Pathfinders Pumpkin Run made its way to Taree this week, distributing hot, tasty pumpkin soup and free pumpkins from the Catholic Care Community Kitchen on Tuesday, June 5.
Since 2014, the not-for-profit organisation dedicated to helping at-risk youth and the disadvantaged has been donating pumpkins and preparing meals for those in need across New South Wales.
Most of the pumpkins are grown and harvested by young people in Pathfinders' out-of-home care programs at Tilbuster Station property. The farm, located on the outskirts of Armidale NSW, was gifted to the Pathfinders organisation by a private benefactor whose wish was that the property be used for child and youth development and the support of families.
With such charitable beginnings, it's no wonder the spirit of giving has been extended.
Despite being affected by severely affected by poor weather, more than nine tonnes of pumpkins, both grown on the Tilbuster farm or donated by the Armidale community, will be cooked and shared at five locations between Taree and Ballina.
Senior manager, Aboriginal culture and connections, Hilton Naden, said the Pumpkin Run was back after a three year break due to drought and COVID, and would help thousands of families in need.
"The pumpkins are grown on our farm by young disadvantaged people in our care, loaded into vehicles and then transported to identified locations where we feel we can make a difference," Mr Naden said.
"This is the first time we will have taken the Pumpkin Run up the east coast and it will be a valuable experience for our young people to be able to support those communities who are still suffering from the impacts of flood, drought, fire and the pandemic.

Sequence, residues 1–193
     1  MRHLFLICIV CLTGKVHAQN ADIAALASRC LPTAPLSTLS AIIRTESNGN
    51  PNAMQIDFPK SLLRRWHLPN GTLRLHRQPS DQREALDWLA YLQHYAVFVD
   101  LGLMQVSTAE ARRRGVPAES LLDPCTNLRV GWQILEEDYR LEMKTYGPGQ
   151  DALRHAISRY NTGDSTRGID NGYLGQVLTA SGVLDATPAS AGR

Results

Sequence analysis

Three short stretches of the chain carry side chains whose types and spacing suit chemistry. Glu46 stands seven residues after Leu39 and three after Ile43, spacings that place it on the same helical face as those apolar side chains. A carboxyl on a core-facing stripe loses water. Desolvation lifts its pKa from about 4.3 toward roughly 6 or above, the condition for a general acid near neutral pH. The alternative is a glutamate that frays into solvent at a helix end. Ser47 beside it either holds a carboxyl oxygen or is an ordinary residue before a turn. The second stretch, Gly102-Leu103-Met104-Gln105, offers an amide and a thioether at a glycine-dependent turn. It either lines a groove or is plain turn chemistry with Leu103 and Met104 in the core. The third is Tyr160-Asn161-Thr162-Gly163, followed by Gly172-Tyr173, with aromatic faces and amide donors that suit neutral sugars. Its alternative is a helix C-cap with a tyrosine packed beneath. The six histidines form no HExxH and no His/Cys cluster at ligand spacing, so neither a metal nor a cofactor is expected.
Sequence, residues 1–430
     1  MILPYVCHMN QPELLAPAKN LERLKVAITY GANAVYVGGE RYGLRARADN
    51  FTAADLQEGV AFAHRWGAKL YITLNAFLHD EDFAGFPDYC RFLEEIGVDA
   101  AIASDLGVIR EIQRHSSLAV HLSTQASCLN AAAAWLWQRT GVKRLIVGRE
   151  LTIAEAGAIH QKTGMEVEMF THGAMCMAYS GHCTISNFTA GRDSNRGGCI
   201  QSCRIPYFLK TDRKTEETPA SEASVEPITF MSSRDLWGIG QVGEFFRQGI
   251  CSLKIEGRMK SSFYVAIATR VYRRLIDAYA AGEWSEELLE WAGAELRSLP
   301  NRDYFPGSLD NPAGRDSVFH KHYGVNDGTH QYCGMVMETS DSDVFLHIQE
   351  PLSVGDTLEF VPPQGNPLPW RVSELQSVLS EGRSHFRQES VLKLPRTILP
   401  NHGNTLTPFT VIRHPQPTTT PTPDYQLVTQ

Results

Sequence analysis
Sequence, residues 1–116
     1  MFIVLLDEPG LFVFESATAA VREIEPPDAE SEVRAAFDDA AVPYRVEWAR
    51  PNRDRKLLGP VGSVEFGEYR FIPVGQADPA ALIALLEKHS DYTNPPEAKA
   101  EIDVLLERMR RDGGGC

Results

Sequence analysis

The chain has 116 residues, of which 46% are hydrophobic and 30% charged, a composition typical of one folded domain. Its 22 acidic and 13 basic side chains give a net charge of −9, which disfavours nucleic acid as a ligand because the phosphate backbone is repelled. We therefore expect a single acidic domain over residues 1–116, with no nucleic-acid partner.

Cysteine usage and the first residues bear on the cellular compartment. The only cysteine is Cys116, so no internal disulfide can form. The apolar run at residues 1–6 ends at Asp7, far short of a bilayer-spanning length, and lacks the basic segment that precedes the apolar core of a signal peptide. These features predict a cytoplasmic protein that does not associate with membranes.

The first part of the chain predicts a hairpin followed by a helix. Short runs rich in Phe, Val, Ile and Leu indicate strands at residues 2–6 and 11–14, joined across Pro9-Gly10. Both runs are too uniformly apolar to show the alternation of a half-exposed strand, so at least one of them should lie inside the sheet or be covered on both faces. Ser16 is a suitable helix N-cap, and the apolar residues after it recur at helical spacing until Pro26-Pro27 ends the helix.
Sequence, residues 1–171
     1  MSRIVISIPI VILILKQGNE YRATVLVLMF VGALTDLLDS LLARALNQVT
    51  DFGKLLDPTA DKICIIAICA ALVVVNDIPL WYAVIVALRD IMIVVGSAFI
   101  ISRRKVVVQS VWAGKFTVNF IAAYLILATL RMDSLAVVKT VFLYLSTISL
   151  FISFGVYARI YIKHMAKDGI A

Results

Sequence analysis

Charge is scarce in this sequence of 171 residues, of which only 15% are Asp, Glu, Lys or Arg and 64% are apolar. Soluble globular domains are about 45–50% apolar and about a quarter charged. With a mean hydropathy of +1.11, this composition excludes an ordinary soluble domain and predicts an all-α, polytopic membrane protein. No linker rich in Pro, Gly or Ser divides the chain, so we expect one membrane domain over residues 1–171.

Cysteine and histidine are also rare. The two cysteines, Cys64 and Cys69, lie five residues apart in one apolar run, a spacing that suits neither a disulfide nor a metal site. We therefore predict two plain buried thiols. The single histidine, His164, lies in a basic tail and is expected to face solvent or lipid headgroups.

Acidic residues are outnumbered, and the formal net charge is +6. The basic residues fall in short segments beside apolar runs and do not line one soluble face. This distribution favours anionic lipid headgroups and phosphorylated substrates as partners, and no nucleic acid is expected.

"Along the way our young people will understand the importance of helping others without expecting anything in return, develop interpersonal and team-building skills, strengthen community connections and learn how to make a mean pumpkin soup," he said.
The stop-off in Taree was a first, though, with the run usually proceeding down towards Newcastle before finishing at Government House in Sydney.
"The pumpkin run normally starts in Armidale and sort of weaves down through Newcastle to Sydney and finishes at Government House. Due to COVID the floods, the bushfires and everything that's happened recently we decided to reroute it and head up the coast towards Ballina and Lismore to include them as well, and obviously Taree, Kempsey and Coffs (Harbour)," Pathfinders communications officer, Toni Ribeiro said.
In addition to the Pumpkin Run, Pathfinders are also using the events to conduct their National Aboriginal Birth Certificate (PNABC) Program, holding sign-up events for Aboriginal or Torres Strait Islander people to apply for their birth certificate.
Mr Naden said Aboriginal people were underrepresented in birth registration and without a birth certificate they are unable to fully participate in society.
"Without a birth certificate you cannot enrol in school or sport, gain a driver's licence, vote, access government services, apply for a tax file number or open a bank account. In many ways, without a birth certificate you are invisible," he said.
"The PNABC has helped more than 12,000 Indigenous Australians apply for and receive their birth certificate. It is a life-changing program and we are privileged to be able to deliver it to our most vulnerable and disadvantaged members of society."
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